According Statistics CanadaThere were 111,000 temporary foreign workers (TFW) in Canada in 2000. In 2021, this figure had skyrocketed to 777,000.
In 2019, TFWs represented four percent of all T4 earning workers – nearly 1 in 20.
The federal government’s line is that foreign workers are needed to fill significant labor shortages in critical industries. An increase of this magnitude cannot be justified on these grounds.
From 2010 to 2019, TFW became more and more concentrated in three low-wage sectors: accommodation and food services, retail trade and “administrative and support services, waste management and remediation”. While these are good jobs, they are low-paying positions that are not related to critical infrastructure like power grids, transportation, or healthcare. In fact, the proportion of TFWs working in agriculture, health care and social assistance, educational services, and construction decreased from 2010 to 2019.
An increasing proportion of TFWs work at fast food counters and hotel lobbies.
Perhaps the best-known example of this is our national coffee icon, Tim Hortons, which has been at the center of a number of controversies surrounding its extensive use of the TWF program. More recently, DP Murphy Inc, which operates Tim Hortons restaurants in Prince Edward Island, found itself in trouble when it bought an apartment building in the small coastal town of Souris, and quickly evicted the tenants to make way for the TFWs.
Tim Hortons has also been the subject of complaints about TFW working conditions, such as the case in 2012 when Mexican workers at Tim Hortons in northern British Columbia had to pay rent twice a month for bunk beds in the crowded rooms of the houses owned by the franchisee.
A insightful Maclean’s A 2014 article argues that Tim Hortons relies on TFW imports to shore up a common restaurant chain strategy: making up for poor sales numbers by continually opening more and more stores. In one quarter in 2014, Tim Hortons’ same-store sales grew just 1.6 percent, but the company posted overall sales growth of five percent because it opened more than 160 new stores over the previous year!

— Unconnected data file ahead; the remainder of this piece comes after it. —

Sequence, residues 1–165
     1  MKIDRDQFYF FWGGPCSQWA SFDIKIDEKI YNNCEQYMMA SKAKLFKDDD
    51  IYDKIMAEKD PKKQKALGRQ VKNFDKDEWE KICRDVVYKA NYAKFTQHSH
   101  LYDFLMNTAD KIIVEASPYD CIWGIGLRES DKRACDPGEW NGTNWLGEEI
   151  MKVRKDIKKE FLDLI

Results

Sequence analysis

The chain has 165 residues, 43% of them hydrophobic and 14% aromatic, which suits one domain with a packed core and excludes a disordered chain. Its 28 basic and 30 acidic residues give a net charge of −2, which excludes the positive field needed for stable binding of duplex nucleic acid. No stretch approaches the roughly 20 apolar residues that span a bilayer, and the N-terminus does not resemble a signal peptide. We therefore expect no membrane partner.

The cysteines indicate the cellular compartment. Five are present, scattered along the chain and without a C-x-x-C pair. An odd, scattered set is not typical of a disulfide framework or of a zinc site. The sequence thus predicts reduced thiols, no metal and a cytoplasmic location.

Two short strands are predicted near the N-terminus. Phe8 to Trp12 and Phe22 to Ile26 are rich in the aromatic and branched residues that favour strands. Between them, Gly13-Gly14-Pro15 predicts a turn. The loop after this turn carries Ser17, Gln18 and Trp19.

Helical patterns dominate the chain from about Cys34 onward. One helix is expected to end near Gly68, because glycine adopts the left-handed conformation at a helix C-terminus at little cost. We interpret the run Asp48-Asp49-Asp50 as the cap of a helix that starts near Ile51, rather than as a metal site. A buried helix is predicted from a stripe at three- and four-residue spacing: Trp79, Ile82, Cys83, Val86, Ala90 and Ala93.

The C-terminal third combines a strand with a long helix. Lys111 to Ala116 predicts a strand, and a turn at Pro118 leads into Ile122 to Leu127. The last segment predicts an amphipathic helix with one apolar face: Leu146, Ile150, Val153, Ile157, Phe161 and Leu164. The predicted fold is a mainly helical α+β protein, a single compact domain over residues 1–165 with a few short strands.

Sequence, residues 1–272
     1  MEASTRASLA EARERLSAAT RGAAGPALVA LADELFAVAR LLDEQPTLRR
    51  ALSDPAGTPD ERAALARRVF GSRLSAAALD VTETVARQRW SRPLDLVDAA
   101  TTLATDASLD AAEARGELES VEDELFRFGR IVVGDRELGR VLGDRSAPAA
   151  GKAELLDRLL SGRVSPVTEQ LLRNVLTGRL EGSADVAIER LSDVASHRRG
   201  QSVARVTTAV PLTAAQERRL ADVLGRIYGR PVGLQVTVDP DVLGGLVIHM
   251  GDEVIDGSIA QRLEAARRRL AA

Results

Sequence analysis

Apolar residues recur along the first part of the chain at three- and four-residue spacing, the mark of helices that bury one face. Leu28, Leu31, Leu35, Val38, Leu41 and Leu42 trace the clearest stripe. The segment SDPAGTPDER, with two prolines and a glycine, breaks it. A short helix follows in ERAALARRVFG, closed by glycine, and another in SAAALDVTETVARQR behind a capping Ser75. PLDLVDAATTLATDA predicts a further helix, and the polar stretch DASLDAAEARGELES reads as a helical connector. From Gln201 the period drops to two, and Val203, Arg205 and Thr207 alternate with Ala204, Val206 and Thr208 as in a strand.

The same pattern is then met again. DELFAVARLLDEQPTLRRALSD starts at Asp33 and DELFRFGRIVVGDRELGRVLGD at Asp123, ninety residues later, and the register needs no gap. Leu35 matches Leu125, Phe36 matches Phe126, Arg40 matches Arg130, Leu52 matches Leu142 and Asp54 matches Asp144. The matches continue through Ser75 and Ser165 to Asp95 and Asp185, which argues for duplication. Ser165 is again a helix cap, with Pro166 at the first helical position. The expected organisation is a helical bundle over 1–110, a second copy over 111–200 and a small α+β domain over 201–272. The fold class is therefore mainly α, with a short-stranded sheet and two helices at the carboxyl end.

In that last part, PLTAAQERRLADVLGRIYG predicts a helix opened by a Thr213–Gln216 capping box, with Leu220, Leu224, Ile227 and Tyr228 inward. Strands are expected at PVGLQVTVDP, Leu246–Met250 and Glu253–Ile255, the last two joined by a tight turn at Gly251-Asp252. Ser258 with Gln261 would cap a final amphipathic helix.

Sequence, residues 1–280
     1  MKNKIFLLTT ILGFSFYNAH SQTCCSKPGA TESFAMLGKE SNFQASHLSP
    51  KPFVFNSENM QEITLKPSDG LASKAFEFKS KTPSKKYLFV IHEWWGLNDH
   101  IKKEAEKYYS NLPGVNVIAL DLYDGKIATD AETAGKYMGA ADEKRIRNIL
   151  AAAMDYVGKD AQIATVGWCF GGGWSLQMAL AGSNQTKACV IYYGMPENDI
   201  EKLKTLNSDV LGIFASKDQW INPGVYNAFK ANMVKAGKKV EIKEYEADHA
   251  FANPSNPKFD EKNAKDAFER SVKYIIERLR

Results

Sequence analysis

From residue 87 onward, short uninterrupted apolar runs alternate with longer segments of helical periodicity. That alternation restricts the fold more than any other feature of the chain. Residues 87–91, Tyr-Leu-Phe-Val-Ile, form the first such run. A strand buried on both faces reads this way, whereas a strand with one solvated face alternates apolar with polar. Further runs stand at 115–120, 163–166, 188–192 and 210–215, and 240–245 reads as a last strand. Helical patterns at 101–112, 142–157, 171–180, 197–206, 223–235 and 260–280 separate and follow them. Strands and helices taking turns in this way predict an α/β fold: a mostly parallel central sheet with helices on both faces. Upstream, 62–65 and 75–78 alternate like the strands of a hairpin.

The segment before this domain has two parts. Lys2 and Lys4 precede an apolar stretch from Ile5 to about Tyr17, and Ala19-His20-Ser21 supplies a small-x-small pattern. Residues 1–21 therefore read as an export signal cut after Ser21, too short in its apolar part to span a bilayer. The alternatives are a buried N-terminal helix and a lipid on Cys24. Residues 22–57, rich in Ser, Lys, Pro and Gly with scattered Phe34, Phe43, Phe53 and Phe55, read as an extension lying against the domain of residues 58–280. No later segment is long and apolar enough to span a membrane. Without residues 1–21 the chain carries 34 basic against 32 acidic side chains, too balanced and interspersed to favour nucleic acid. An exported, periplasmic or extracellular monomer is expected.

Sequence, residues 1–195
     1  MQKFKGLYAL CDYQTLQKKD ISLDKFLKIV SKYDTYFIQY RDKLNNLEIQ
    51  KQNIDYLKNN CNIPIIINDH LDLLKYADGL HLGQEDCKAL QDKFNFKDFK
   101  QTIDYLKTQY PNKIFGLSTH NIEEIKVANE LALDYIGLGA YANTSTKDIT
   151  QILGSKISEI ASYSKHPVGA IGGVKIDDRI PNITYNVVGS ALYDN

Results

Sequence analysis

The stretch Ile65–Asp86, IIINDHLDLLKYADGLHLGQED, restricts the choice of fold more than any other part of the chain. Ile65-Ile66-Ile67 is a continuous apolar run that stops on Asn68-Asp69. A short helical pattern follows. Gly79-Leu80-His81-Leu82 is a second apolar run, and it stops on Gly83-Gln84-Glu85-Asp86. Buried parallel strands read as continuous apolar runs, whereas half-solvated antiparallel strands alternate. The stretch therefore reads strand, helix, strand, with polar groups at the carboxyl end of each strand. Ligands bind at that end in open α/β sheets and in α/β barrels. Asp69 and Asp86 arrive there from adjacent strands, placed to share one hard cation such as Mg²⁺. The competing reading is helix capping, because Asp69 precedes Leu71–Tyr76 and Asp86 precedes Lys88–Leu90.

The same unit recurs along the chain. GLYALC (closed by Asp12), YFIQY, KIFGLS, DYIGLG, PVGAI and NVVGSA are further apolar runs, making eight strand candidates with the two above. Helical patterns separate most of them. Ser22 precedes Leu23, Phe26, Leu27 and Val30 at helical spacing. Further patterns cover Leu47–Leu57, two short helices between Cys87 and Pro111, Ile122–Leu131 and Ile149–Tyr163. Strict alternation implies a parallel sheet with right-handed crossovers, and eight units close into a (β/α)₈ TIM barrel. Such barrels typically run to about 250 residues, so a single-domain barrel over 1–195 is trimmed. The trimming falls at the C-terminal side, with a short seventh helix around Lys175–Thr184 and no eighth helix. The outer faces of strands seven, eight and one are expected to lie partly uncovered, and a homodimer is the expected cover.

Companies pursuing this strategy of endless expansion, or simply seeking cheap labor, are helped by an under-reported stream of TFW: the International Mobility Program (IMP). The government website Canada.ca announces the IMP succinctly: “Hiring a worker without a Labor Market Impact Assessment (LMIA).” While for the Temporary Foreign Worker Program (TFWP), employers must at least follow the procedures to attempt to hire a Canadian, the IMP temporary worker stream avoids this requirement entirely.
IMP work permits have doubled since 2017 to more than 470,000 last year, which does not include the 200,000 international students who hold IMP permits. This program contributes greatly to the astronomical growth in the number of temporary foreign workers and the shift in the proportion of foreign workers towards jobs in food, accommodation, retail and administrative support.
Immigration Minister Marc Miller has stated that he is willing to “control” the number of temporary foreign workers in 2024. Miller’s reforms should be guided by two goals: reducing the number of TFWs and moving the proportion away from the service sector.
Allowing the number of TFWs to rise to a staggering 777,000 has contributed to Canada’s growing housing crisis; That is simply the law of supply and demand. Imposing a cap of 50,000 or less would significantly reduce pressure on housing.
Allowing Tim Hortons or Days Inn to staff their workforce with foreign nationals is enabling the unhealthy corporate strategy of endless franchise expansion and contributing to wage stagnation in the service sector.
The simplest way to reverse this trend would be to abolish the International Mobility Program (IMP) and strengthen the Labor Market Impact Assessment (LMIA) across the board.
If ending Canada’s addiction to cheap overseas labor means a few fewer Timmies, is that a price to pay?
Riley Donovan is a BC journalist and founder of the publication dominionreview.ca, where you can find more of his work.